In November, my seventh-grade students will write a realistic fiction short story. In doing so, I get the honor of teaching them some of the same things I have been learning over the past several years about writing. We have a curriculum that we teach, primarily pre-determined. Still, I combine some of the knowledge I’ve been devouring in books, magazines, seminars, webinars, conferences, writing groups, and podcasts. With so much learning, I feel as if I’ve taken several college courses on how to write, edit, revise, publish, and market stories. Obviously, I can’t teach everything I’ve been learning; there’s just not enough time in our six-week unit. However, I can take bits and pieces and dissolve them into our already set curriculum.
That’s how life is in many aspects. We can take a little of this and that and add it to whatever we already know. This can present a diverse amount of knowledge to whatever endeavor we attempt. It adds to our understanding and our opportunity to grow. Unfortunately, sometimes we don’t always accept the thoughts of others. It can sometimes be challenging to realize that someone else has the answers that could help us. If we let that pride rule our thoughts, we could very well be missing out on filling some holes in our lives.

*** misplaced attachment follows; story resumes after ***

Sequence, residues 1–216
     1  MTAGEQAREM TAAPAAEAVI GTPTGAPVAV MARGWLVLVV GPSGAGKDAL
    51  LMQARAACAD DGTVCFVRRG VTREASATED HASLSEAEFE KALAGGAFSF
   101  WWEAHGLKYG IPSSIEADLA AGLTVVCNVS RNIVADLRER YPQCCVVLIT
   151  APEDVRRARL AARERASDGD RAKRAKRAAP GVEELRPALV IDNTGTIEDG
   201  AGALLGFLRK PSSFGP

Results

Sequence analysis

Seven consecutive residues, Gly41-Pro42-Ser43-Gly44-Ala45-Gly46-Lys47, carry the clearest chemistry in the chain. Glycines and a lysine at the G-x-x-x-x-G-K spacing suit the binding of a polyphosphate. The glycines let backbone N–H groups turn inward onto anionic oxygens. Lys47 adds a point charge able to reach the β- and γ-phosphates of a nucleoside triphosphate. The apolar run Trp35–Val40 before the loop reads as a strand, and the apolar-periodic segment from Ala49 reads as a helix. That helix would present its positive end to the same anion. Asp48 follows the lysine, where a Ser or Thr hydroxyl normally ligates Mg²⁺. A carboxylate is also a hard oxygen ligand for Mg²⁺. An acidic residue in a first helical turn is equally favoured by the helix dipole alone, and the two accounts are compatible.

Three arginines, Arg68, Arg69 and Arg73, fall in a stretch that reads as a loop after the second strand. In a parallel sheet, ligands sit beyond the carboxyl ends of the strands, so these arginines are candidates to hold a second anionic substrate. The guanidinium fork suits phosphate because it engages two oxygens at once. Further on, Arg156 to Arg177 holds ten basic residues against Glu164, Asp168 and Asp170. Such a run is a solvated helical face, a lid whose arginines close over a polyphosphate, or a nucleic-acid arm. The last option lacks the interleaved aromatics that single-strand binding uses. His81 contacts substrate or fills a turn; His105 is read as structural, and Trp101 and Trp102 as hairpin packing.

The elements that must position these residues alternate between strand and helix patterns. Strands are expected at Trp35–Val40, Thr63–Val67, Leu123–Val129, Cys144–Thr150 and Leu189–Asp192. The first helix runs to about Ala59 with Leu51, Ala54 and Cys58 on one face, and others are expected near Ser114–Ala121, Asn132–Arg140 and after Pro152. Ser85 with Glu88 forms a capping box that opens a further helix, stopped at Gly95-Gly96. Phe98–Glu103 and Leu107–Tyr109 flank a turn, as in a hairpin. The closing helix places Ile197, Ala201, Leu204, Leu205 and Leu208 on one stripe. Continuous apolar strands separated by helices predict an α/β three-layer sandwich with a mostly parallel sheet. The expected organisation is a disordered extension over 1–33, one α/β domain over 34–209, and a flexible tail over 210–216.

Collaboration is a vital key to many successes, and willing hearts that collaborate should feel good about themselves that they could accomplish something, even if they didn’t complete it on their own. The sense of pride one feels when completing something on their own can be transferred when working with others. It takes humbleness, ingenuity, flexibility, and a host of other characteristics to work successfully with others. While working on your own takes much work, pretty much every attribute you possess to work individually is just as essential when working with others, plus those attributes we need to work collaboratively. So, working well with others demonstrates hard work that should not be taken lightly or looked down upon if you need someone else to get the job done.
It shows that you have what it takes to do a hard job, often harder than if you just did it yourself. Just getting the job on your own can be easier than working with others, who may have different mindsets than you do. Being an introvert and one who likes to keep to myself, I always want to work on my own, but I have realized that I can’t do it all by myself and must accept and sometimes seek help from others. Whether it takes one person, two people, or dozens of people to accomplish something, all involved feel a sense of satisfaction with a sense of positive pride once they complete the job.